‘The Nightly Show,’ Which Sometimes Skewered Education, Is Canceled

By Mark Walsh — August 18, 2016 1 min read
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After two seasons on the air, Thursday is the final episode of “The Nightly Show with Larry Wilmore.” The Comedy Central show occasionally trained its sharp comic and satirical sights on U.S. education, though not as often as I had wished.

I was a fan of the show, which was in the mold of “The Daily Show” once hosted by Jon Stewart and lately by Trevor Noah. The Atlantic said this week that “there was something particularly disappointing about Comedy Central’s decision to cancel the show for low ratings.

“Wilmore is late night’s sharpest, most candid voice when it comes to tough issues concerning race, and his nightly program featured refreshingly honest panel discussions within a genre that can so often feel manufactured,” The Atlantic’s Laura Bradley wrote.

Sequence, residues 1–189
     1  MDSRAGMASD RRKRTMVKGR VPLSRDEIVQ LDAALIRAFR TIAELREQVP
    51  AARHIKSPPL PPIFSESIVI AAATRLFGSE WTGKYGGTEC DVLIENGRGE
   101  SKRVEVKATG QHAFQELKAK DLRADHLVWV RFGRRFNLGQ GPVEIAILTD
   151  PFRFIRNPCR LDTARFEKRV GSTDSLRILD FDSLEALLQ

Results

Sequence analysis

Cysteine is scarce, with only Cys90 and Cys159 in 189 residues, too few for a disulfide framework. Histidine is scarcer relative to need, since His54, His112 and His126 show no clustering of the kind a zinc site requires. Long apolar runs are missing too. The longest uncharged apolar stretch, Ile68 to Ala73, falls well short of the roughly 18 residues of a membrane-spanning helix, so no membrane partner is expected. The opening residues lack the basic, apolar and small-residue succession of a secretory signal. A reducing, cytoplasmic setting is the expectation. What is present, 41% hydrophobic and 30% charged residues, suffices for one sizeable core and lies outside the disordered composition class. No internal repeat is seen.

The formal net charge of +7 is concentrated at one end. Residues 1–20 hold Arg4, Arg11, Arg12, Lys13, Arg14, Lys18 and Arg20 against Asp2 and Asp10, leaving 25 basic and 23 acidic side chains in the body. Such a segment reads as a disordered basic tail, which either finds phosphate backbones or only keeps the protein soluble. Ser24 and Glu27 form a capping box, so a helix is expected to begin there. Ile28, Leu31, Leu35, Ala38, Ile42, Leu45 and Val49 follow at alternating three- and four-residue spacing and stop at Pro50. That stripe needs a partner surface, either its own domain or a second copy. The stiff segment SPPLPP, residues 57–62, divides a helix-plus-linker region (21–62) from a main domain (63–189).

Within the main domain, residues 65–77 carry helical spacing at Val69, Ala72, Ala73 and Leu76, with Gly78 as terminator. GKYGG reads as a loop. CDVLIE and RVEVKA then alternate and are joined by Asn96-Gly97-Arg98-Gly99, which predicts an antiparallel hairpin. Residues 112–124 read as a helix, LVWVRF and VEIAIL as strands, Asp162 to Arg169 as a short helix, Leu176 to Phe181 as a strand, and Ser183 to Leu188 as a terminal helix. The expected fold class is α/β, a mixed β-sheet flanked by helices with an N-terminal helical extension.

The show is an example of a genre of comedy shows—"The Daily Show,” “The Colbert Report,” “Last Week Tonight” with John Oliver—that tackle serious and tough issues with comedy thrown in.

I reported here last year about an extended segment Wilmore did on “The Nightly Show” about reports that the Texas state board of education had approved elementary and secondary textbooks that were “whitewashing” history.

Below are videos of two other education segments on Wilmore’s show.

The first is about the battle over a desegregation plan for the small community of Cleveland, Miss. (To his credit, Wilmore unraveled some of the ways the news media was oversimplifying the story of what the most recent court ruling in the 50-year-old case meant.)

The second is a five-minute report about the sorry state of Detroit’s public schools and other public education horror stories.

Larry, we’ll miss your show, but hope to see you back on the air somewhere soon.

A version of this news article first appeared in the Education and the Media blog.